Finding Grace (2020)

Movie Info

General Info

Rating
Not Rated
Run Time
1 hour 33 minutes

VP Content Ratings

Violence
1 / 10
Language
1 / 10
Sex / Nudity
1 / 10
Star Rating
★★★

Relevant Quotes

A wise child loves discipline, but a scoffer does not listen to rebuke.

— Proverbs 13:1
Now, discipline always seems painful rather than pleasant at the time, but later it yields the peaceful fruit of righteousness to those who have been trained by it.

— Hebrews 12:11

Movie Review

Product by:
Warren Fast

Reviewed by:
Rating:
3
On May 2, 2020
Last modified:May 2, 2020

Summary:

18-year-old Allie, sentenced to 100 hours of community service, does not get along with the cranky black woman at a nursing home. She might be heading to jail if she does not shape up.

Allie is upset when the judge orders her to do 100 hours of community service. (c) Vision Films

Writer/director Warren Fast’s first feature film provides inspiring entertainment for a family looking for non-violent fare. A tale of redemption, it’s predictable plot line will not appeal to the sophisticated viewer, but its appealing cast does breathe life into the modest script, and thus it should hold the attention of viewers from the adult level down to middle school.

Ever since her mother dropped out of her life Alaska Rose has been in and out of trouble. Now that Allie is 18 and beyond the dictates of her father Conner, she is in real trouble, standing in an adult court before a judge who could sentence her to jail. Instead, her honor allows her to stay in her home, but sentences her to a hundred hours of community service. Instead of being grateful, the girl acts as if she is being put upon. The judge warns her that if she has another run-in with the law, she will do prison time. This brings the sullen teenager to the nursing home where a cheery staff member introduces her to the resident she is to assist with her chores.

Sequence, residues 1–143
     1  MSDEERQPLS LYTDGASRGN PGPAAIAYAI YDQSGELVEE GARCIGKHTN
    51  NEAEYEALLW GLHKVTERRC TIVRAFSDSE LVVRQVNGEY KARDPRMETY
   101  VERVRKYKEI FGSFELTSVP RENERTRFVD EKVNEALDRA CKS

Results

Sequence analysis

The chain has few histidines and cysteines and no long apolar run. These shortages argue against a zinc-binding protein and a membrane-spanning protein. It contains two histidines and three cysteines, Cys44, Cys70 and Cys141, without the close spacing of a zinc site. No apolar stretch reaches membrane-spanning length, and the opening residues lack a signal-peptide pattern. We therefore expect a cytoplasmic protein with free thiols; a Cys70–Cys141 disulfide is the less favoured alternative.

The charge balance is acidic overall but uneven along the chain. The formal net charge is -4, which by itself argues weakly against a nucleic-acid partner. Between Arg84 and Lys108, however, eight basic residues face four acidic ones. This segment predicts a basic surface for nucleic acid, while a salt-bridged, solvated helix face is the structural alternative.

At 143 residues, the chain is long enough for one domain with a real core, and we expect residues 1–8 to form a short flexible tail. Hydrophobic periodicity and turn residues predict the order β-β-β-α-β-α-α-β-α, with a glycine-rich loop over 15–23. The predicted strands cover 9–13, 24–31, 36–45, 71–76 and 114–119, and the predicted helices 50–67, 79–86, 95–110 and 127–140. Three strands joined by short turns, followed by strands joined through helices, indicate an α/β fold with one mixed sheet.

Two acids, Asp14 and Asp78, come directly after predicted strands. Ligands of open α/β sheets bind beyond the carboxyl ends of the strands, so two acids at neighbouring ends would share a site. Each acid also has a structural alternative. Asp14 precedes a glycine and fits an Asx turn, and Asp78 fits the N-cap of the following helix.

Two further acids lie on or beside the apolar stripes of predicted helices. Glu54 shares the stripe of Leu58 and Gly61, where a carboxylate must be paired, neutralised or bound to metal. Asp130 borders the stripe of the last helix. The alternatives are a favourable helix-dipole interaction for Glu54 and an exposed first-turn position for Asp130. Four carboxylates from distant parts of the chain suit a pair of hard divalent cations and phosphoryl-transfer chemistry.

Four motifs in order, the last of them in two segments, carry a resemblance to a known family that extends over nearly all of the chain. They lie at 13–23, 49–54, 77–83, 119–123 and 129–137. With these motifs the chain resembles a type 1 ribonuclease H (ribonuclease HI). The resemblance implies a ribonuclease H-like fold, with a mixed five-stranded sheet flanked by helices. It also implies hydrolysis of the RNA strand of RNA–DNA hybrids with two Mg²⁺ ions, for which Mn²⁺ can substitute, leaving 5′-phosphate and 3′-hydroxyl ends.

Her charge is not the nice grandmotherly type. The African American Mrs. Foster is just as resentful of Allie is of having to be in the home. Thus, it is hate at first sight. To the script’s credit it takes a long time to come to a Kumbaya resolution, with Allie’s better instincts only slowly brought to the fore. We are never in doubt that this will happen, but at least this is a formula film that does not rush to resolve all of the girl’s problems. When her anguished father declares, “We need God, Allie,” her response makes it clear that is the last thing she thinks they need.

Although the film does not take a hard sell approach to religion, it does not take a subtle approach. For many people of faith, it will provide a welcome hour and a half of wholesome entertainment. The God that Dad and Allie need is very much the loving God of the Scriptures. It is good to see a film in which neither God nor the church and its ministers are joy-killers, but warm and welcoming, capable of loving someone as unlovable as Allie is when we first meet her.

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18-year-old Allie, sentenced to 100 hours of community service, does not get along with the cranky black woman at a nursing home. She might be heading to jail if she does not shape up.

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